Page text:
Like so many other startup sectors, cybersecurity is often a game of mergers and acquisitions. So who has got the biggest appetite?
Matt Suiche, a French hacker and cybersecurity entrepreneur, recently parsed the numbers to determine which companies lead the pack in terms of purchases. Suiche’s post on Medium used data sourced from Crunchbase, a site that tracks venture capital and other deals.
“I wrote some scripts to parse the data and extract what I wanted,” he told Fortune. “Since my main focus is security, I thought, Let’s have a look at the market.”
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With two dozen cybersecurity acquisitions under its belt, Cisco (CSCO) put its rivals to shame. Some of the networking giant’s recent buys included the cloud software security startup CloudLock for about $293 million last month, the network monitoring firm Lancope for more than $453 million in October, and the Internet security company for $635 million OpenDNS about a year ago.
The aging antivirus software firm Symantec (SYMC) was the runner-up with 15 purchases, most recently picking up the cybersecurity firm Blue Coat for $4.65 billion in what could be considered a reverse acquisition. Others that placed prominently on the acquisition leaderboard included Microsoft (MSFT), (IBM), EMC (EMC), and McAfee (brought onboard by Intel (INTC) for nearly $8 billion in 2010).
The chart below, which draws from Suiche’s own, lays out the top 10 acquirers. Rounding out the bottom were Singtel’s Trustwave, Google (GOOG), Blackberry (BBRY), and the Universal Protection Service.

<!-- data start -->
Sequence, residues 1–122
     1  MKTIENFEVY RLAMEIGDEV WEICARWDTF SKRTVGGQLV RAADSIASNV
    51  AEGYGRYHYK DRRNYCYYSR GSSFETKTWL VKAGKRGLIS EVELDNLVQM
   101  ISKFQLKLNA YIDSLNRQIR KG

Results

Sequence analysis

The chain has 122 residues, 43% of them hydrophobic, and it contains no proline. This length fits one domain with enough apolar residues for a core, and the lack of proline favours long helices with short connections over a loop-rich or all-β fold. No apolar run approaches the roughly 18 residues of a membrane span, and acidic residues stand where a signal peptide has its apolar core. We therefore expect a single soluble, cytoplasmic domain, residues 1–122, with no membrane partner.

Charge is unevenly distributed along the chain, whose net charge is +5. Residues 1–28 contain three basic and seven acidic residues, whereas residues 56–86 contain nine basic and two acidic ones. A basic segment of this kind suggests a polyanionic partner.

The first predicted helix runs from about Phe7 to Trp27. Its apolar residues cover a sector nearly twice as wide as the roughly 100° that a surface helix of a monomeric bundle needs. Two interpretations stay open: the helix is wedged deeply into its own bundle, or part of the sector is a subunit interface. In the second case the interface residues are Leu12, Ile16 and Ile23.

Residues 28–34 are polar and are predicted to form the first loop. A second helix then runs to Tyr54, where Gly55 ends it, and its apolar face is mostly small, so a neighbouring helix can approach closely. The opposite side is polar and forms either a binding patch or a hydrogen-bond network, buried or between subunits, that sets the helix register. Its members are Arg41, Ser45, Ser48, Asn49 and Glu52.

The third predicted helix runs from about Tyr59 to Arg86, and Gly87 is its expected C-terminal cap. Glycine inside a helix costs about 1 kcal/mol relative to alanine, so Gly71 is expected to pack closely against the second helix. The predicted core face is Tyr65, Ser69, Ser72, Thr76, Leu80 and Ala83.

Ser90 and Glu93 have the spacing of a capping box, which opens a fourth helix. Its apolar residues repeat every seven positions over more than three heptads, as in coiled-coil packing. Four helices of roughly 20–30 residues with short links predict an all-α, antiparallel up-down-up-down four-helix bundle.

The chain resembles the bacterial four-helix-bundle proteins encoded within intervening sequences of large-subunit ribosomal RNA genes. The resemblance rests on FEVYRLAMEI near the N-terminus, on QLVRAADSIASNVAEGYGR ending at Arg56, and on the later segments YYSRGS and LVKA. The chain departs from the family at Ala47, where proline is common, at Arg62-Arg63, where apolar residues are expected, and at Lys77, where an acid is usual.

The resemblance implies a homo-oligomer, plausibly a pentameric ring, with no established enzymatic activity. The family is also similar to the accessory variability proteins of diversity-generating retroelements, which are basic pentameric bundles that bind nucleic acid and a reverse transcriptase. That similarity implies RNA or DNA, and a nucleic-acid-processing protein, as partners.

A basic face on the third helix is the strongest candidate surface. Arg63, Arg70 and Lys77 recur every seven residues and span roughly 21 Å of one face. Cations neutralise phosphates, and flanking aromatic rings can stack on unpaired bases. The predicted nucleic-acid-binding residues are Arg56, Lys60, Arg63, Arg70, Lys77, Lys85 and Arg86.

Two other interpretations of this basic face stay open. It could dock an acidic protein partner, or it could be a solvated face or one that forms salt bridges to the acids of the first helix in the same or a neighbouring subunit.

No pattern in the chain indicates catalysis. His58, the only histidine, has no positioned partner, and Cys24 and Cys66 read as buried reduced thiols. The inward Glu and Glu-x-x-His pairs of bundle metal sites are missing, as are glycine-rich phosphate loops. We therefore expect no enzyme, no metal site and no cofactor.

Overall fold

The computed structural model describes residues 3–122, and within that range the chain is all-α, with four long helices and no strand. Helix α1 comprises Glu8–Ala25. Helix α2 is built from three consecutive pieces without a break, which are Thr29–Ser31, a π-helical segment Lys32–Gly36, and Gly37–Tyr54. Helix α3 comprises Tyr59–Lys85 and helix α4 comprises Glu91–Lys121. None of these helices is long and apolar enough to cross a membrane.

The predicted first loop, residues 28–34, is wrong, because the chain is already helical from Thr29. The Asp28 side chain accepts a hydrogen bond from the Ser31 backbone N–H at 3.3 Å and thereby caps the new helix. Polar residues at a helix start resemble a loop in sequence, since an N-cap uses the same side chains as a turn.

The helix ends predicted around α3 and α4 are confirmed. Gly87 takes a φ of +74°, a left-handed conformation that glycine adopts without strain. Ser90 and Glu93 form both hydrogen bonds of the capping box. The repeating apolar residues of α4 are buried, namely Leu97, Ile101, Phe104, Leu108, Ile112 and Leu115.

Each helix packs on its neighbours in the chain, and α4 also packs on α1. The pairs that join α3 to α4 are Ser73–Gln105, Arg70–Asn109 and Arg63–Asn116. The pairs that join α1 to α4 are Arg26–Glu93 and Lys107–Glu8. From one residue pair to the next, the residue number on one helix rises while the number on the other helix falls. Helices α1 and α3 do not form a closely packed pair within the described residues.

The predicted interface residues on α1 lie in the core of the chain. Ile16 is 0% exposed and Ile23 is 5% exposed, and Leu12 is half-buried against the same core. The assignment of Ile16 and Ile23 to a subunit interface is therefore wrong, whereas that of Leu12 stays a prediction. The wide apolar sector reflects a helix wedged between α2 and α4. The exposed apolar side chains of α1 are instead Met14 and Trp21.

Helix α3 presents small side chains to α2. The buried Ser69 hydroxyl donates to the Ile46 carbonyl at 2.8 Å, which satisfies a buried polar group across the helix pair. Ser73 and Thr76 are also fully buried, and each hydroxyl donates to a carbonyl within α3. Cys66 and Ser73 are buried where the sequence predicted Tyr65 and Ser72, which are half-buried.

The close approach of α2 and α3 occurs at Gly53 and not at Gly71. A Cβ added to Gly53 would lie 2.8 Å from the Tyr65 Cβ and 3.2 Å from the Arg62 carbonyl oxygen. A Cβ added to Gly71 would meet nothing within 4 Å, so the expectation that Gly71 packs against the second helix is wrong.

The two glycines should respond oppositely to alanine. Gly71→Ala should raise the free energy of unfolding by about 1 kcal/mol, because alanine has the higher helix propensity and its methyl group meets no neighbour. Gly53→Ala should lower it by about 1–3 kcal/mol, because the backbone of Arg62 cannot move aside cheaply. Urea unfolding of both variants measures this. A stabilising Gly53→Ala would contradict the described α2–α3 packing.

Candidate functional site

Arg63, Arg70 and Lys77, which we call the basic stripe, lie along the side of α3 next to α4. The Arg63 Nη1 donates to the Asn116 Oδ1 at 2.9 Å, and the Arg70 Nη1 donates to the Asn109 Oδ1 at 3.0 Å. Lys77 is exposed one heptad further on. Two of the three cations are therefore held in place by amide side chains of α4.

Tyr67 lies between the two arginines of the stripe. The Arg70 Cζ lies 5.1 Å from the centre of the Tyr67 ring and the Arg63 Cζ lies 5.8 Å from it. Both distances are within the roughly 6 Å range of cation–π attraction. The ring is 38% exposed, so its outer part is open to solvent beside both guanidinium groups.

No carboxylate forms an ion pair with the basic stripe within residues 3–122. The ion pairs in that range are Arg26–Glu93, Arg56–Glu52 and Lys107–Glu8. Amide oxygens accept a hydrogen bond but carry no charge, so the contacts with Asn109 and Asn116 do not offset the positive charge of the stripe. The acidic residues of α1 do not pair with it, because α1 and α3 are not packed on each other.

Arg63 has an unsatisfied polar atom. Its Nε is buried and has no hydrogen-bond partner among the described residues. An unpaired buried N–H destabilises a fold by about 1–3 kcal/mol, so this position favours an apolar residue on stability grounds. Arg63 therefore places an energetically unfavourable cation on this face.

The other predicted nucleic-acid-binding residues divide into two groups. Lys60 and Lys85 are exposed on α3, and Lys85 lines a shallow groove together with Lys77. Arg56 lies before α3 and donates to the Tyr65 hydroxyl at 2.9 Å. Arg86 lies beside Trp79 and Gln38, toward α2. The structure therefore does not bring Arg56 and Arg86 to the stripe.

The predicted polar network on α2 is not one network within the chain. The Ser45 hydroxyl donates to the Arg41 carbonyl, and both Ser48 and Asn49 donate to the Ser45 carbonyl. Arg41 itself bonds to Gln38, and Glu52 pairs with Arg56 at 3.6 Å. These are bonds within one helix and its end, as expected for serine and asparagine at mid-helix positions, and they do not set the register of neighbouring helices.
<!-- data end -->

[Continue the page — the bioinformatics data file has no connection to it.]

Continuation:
“We often hear names but with no real data validation ,” Suiche wrote in his post. “Well, there is no more room for speculation, here is the chart you wanted to see.”
It’s difficult to place a price tag on the acquisitions because companies rarely disclose the value of deals amounting to less than $100 million, as Suiche explained. In fact, he sold one of his own security startups, CloudVolumes, to VMware (VMW) for an undisclosed sum in 2014. Most recently, he founded the Dubai-based memory forensics firm Comae Technologies (née MoonSols).
Another finding: the overwhelming majority of cybersecurity startups are founded in and acquired within the United States. Given the better odds for U.S.-based businesses, why the move to the Middle East?
Suiche said he expects that more people will move out from the Bay Area, as he did, after gaining some experience in the high-rent locale to go start businesses abroad. “I think we’ll start to see a shift in where companies are being founded,” he posited. “That’s why I did the article now, to be able to compare in two years or so.”
“A lot of startups in London are already asking Berlin to relocate,” Suiche added, mentioning one unintended consequence of Britain’s recent decision to leave the European Union.
View Suiche’s Medium post for an expanded list of about 50 acquirers. Other companies that ranked include Oracle (OCLCF) (5 cybersecurity acquisitions), Raytheon (RTN) (5), and Hewlett-Packard (HPQ) (3).
Asheem Chandna, a partner at the venture capital firm Greylock Partners, recently told Fortune that he expects “a steady clip of M&A” in the area of cybersecurity over the next couple of years. Indeed, Chandna added that he believes the best exit strategy for the vast majority of cybersecurity startups is to sell because most of them, in his view, do not meet the criteria to succeed as standalone companies in the public markets.
Get to know the likeliest bidders, above.